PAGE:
The final block of code simply closes the recordset object and destroys the object variable reference so as not to use unnecessary memory.

You can now go back to the original table tblNames, and click Refresh to see the new record:

Figure 2: The tblNames table after new record is added via VBA Code.
As you can see, the new record has been added at the bottom of the table.  Note that we did not need to set the value of the ID field as this is of the AUTONUMBER data type and is added by Access automatically.

Editing Records
The code for updating a particular record is very similar to the central block of code in the in the previous example.  The main difference is, however, that we must find the record prior to making any changes.  To do this we are going to use the FindFirst method of the Recordset object.  The syntax for this is as follows:

 rstNameList.FindFirst "Id = 5"
Notice that this method passes the parameter "Id = 5".  This is basically an SQL WHERE clause without the WHERE keyword.  It tells access to find the first record in the recordset where the value of the ID field is 5.  There is more information on SQL Where in my Gentle Introduction to Access SQL. Just remember that the parameter must be enclosed within quotation marks, so if the value searched for is itself a string, you must not only enclose the parameter within quotation marks ie "", but you must also enclose the actual value to be found within single quotation marks ie ' '. For example if you wanted to search for the surname Lang, the syntax would be:

rstNameList.FindFirst "Surname = 'Lang' " 

It is also possible to test whether a record has actually been found using the NoMatch property of the Recordset object as follows:

If rstNameList.NoMatch = false Then
    .... code to run if record is found. 
    ....code to run if no record is found.  
End if

Once we have found the record, we can then go on to edit any, or all, of its fields.  This is done with the following code:

        rstNameList!DOB = #8/10/1970#

Notice how we have used the Edit method of the Recordset object instead of AddNew.  The rule is use Edit if you want to edit an existing record, and use AddNew if you want to create a new record.  Once the record has been edited it needs to be saved using the Update method as before.  So lets look at the whole code snippet:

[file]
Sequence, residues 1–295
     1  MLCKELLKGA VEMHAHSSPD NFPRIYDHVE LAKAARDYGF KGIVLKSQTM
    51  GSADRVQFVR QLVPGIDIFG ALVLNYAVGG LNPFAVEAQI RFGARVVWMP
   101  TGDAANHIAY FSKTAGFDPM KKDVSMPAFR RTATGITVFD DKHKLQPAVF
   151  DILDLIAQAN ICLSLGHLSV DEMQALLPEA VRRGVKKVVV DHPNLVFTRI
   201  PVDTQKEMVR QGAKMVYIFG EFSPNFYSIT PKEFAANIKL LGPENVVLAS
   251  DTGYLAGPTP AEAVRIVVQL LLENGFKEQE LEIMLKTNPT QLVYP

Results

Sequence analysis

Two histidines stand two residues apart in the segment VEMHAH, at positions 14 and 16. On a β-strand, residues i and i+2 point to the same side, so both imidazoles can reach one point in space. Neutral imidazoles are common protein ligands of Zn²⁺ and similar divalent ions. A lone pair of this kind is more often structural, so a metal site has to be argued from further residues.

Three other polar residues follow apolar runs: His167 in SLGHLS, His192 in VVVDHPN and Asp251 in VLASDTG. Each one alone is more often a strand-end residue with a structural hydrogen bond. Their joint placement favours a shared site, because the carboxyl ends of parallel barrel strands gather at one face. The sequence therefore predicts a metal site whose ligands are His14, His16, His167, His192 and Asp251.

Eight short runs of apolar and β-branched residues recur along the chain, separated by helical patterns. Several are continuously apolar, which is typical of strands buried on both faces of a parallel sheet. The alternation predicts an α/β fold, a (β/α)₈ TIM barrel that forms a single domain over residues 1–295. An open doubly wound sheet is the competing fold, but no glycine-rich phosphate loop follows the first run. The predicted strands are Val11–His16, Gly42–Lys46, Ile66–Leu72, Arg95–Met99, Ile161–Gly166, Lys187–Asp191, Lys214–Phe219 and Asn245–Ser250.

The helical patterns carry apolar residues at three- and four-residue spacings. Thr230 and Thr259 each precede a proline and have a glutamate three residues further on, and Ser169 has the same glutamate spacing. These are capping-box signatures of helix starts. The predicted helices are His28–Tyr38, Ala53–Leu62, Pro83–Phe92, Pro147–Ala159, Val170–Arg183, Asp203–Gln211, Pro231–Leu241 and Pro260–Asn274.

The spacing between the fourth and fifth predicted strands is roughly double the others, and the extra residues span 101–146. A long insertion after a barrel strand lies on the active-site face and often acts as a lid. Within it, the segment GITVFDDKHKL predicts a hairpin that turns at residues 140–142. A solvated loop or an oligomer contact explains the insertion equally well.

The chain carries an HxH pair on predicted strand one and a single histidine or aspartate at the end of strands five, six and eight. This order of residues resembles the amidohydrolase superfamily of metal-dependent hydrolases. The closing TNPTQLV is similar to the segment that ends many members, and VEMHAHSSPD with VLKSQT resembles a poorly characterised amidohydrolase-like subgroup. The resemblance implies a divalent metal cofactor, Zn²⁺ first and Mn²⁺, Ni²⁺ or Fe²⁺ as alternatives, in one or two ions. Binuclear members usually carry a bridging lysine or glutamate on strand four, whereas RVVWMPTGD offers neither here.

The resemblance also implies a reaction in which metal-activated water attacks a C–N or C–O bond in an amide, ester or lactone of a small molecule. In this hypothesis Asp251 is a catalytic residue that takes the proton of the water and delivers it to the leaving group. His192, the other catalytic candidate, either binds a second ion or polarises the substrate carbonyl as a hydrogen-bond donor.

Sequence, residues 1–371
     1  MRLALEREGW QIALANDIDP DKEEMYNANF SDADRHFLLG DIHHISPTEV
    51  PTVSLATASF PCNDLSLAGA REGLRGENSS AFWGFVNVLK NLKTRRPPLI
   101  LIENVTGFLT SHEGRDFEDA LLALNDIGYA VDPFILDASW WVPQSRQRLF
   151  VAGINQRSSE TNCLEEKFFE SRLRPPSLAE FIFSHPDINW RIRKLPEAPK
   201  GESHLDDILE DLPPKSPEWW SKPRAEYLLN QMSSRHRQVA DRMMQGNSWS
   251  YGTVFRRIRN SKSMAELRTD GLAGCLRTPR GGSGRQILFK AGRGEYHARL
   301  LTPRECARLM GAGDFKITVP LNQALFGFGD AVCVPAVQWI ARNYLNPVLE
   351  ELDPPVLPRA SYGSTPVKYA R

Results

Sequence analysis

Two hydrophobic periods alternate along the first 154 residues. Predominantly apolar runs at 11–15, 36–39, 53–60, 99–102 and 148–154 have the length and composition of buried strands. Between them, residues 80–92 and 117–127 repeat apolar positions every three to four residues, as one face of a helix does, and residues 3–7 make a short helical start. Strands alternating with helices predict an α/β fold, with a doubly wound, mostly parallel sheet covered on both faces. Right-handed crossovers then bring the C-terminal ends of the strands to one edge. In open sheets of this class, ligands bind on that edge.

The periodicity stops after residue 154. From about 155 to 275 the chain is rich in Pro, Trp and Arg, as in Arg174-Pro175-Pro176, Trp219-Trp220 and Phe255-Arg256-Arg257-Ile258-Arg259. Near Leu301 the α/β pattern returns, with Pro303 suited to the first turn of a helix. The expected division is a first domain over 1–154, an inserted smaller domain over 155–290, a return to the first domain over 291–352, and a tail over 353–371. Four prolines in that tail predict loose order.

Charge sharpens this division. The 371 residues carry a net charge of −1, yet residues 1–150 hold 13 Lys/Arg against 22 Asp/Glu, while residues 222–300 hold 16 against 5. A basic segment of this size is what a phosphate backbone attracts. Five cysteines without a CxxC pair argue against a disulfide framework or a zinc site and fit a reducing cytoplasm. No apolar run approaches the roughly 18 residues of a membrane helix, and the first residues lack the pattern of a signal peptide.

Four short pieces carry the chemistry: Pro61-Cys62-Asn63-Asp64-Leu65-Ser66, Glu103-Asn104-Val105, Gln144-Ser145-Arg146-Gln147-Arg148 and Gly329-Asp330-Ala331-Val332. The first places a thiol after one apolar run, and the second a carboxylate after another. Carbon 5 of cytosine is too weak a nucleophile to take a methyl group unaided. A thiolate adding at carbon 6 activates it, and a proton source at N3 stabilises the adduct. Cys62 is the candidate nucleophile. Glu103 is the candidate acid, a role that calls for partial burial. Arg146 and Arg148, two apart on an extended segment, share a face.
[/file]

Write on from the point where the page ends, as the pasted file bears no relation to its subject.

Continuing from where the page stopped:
Dim rstNameList As DAO.Recordset
Set rstNameList = Application.CurrentDb.OpenRecordset("tblNames", dbOpenDynaset)
    rstNameList.FindFirst "Id=5"
    If rstNameList.NoMatch = False Then
            rstNameList!dob = #8/10/1970#
    End If
If Not rstNameList Is Nothing Then
    rstNameList.Close: Set rstNameList = Nothing
End If

If we refresh the data in tblNames, you can see that our code has put a DOB value in Sally Lang's record:

Figure 3: The record of Sally Lang (ID 5) now has a DOB value
after her record was edited with our code.
Deleting Records
When it comes to deleting a record, we start by finding the particular record that we want to delete.  Again this is achieved using the FindFirst method of the Recordset Object.  So suppose we wanted to delete Graham Bell's record, we could do a FindFirst search on his record ID which is 8.

rstNameList.FindFirst "Id = 8" 

All we do then is apply the Delete method of the Recordset Object as follows:


Again, it is a good idea to nest the above line in an If ...Then... Else statement to test that a matching record has been found.  As such the full code to delete record 8 is as follows:

Dim rstNameList As DAO.Recordset
Set rstNameList = Application.CurrentDb.OpenRecordset("tblNames", dbOpenDynaset)
rstNameList.FindFirst "Id=8"
If rstNameList.NoMatch = False Then
    MsgBox "Record Not Found"
End If
If Not rstNameList Is Nothing Then
    rstNameList.Close: Set rstNameList = Nothing
End If

The record has now been removed from the table:
Figure 4: Our code has deleted the intended record.

These have all been basic examples to demonstrate how we can access and manipulate data using VBA code.  How we use the Recordset object in a real database application depends entirely on what needs doing. I have found the possible uses of the DAO Recordset to be virtually endless. It is an extremely   powerful tool to draw upon when needed.  As such, I hope to show some applied examples of its possible uses in a future post.